The statement should be published on the company’s website and communicated to state officials seeking access to restricted medicines.

Such statements not only align with industry best practice and provide reputational cover for the manufacturer, they also serve an important deterrent function, discouraging entities that might otherwise try to divert products for use in executions.

3. Adopt a robust policy to prevent product misuse

Effective distribution controls are critical to ensuring medicines are protected from diversion and misuse.

Manufacturers with ‘at-risk’ medicines should ensure that they have strong distribution control systems in place to prevent Departments of Corrections from purchasing their products directly or indirectly for use in executions.

Sales of these medicines should be restricted to legitimate medical users only, who have agreed that they will not sell the medicine on to other users, vendors or to Departments of Corrections.

Should a correctional facility in an executing state suggest it has a legitimate medical need for an ‘at-risk’ medicine, the manufacturer should offer the product for sale on condition that they receive an affidavit, signed under penalty of perjury, from the AG’s office in that state that these medicines will not be used directly or indirectly in executions.

Manufacturers should communicate the existence of their control system to wholesalers, correctional facilities, state authorities, regulators and other interested stakeholders.

4. Commit to monitoring, evaluation and reporting on the issue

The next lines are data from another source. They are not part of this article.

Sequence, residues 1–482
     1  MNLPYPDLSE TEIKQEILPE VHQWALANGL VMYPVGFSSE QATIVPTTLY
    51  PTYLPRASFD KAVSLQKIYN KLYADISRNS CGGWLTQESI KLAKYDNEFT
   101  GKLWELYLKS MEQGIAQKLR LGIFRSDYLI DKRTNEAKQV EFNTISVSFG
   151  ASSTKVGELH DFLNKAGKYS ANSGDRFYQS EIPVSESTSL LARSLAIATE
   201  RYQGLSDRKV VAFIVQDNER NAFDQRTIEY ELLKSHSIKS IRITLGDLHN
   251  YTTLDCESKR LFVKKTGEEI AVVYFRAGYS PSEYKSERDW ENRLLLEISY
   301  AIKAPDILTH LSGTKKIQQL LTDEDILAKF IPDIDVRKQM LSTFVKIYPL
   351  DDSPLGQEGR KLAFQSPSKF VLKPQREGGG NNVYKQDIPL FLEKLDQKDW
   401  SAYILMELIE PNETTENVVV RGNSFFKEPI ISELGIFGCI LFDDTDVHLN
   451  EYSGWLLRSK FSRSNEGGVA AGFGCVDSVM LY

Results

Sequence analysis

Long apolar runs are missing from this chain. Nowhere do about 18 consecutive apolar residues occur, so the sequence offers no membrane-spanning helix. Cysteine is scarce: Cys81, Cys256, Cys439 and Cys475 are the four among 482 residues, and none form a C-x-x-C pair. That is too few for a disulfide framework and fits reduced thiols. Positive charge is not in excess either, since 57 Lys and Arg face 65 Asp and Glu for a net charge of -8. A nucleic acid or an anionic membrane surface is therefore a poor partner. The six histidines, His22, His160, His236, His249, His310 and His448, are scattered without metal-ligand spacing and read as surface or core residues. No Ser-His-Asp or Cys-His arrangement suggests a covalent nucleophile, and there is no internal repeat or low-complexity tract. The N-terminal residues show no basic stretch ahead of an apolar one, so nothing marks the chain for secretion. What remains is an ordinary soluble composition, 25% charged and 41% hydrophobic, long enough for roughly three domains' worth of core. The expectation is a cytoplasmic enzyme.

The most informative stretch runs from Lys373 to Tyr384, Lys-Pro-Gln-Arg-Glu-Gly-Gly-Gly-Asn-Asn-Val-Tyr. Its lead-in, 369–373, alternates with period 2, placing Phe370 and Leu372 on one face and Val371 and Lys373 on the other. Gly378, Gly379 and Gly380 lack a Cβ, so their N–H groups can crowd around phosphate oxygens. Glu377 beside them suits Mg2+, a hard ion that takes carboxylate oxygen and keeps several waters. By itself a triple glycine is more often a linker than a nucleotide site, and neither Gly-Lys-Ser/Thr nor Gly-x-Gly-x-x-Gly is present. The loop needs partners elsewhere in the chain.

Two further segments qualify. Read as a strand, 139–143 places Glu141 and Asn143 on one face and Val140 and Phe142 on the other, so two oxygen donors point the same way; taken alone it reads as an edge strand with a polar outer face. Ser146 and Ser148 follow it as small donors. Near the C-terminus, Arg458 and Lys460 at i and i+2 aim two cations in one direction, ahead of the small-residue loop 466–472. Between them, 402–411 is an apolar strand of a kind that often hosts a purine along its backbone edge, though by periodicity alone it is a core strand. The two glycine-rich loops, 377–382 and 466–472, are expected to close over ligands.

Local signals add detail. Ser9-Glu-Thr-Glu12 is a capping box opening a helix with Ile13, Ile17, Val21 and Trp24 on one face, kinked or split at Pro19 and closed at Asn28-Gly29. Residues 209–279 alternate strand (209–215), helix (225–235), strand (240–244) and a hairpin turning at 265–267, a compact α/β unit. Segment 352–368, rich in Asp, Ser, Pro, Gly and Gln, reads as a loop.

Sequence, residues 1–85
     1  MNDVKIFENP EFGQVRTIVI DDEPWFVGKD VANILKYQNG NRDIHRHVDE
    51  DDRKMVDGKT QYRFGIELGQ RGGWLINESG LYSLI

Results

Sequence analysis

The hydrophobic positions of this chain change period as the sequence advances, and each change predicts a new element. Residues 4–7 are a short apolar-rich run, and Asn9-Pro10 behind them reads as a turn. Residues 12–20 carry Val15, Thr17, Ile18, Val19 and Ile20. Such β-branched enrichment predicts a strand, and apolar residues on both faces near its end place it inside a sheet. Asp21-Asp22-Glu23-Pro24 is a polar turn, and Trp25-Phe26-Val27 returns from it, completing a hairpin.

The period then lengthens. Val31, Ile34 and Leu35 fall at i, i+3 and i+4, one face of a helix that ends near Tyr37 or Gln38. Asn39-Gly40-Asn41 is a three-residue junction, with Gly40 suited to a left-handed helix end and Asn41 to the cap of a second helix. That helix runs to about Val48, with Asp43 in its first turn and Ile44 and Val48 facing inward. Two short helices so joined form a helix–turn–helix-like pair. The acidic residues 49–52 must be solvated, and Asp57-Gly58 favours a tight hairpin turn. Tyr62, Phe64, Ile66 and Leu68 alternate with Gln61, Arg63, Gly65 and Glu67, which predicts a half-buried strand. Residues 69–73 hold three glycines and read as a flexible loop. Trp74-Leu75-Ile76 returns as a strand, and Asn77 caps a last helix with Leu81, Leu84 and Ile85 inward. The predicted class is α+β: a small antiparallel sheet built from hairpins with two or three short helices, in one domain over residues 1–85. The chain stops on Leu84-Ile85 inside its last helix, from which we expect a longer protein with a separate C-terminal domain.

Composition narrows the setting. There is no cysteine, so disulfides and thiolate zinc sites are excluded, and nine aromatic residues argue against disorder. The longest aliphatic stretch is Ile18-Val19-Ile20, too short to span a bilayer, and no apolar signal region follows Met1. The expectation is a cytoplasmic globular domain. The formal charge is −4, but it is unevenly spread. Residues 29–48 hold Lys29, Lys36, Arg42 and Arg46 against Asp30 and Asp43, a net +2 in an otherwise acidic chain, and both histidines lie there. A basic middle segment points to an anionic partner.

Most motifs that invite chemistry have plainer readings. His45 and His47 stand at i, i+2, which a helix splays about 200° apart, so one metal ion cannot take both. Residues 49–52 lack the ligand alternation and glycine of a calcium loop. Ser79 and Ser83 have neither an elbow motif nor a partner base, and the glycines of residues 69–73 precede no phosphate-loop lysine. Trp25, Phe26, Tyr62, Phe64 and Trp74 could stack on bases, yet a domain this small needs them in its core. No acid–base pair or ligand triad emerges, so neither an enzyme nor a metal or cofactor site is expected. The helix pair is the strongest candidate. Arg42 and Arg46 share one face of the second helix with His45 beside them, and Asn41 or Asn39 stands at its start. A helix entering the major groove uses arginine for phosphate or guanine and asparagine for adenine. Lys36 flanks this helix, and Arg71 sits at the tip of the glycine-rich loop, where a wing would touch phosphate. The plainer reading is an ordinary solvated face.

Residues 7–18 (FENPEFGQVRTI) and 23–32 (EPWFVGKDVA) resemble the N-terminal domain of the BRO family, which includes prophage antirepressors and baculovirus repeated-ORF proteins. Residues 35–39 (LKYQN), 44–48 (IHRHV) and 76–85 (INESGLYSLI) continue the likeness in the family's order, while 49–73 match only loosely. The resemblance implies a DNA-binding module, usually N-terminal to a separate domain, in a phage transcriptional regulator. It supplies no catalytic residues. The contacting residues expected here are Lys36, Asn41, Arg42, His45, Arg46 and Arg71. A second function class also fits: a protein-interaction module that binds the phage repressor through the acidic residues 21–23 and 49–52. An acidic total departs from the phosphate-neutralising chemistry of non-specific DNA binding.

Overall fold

In order to ensure that supply chain controls are working effectively, ethical supply chain experts at the OECD recommend that companies commit to regular auditing of their systems, including: monitoring, evaluation and reporting.

In its Final Statement in the case of Stapert vs. Mylan, the Dutch NCP stressed the importance of monitoring compliance in the supply chain, noting that “the implementation and monitoring of the distribution policy deserves [the company’s] undivided attention” and adding:

“[T]he NCP is of the opinion that compliance in the distribution chain should be monitored both through [the company’s] own sales data and through sales data requested from [the company’s] customers. In line with industry best practise, [the company] is recommended to do after sales checks on a monthly or bimonthly basis.”

Effective auditing systems can be used to identify suspicious orders, block prohibited sales, and guarantee that supply chain controls remain watertight. These safeguards minimise the possibility of diversions of restricted products, and the associated reputational, fiscal and legal risks.

Companies should report regularly to stakeholders on the results of their monitoring and evaluation of the controlled distribution systems.

5. Take affirmative action in case of diversion and / or misuse

Where a breach in a company’s controlled distribution system has been identified, CSR experts recommend that the company should take appropriate action to remedy the breach.

This may include: sending cease and desist letters to customers or correctional facilities to prevent the diversion or misuse of a restricted medicine; communicating with correctional facilities to request the return of missold or misappropriated product; terminating contracts with customers who have violated agreements or contracts; and initiating legal action to recover medicines obtained through breach of contract.

Such actions allow the company to defend the integrity of its contracts and the interests of its partners in the manufacturing sector, as well as protect against the risks associated with providing medicines for executions.

Ultimately, prevention is better than cure, and a robust distribution system, coupled with a clear public position statement and regular monitoring and evaluation of the controls will help ensure companies have no need to take recourse to the actions outlined above.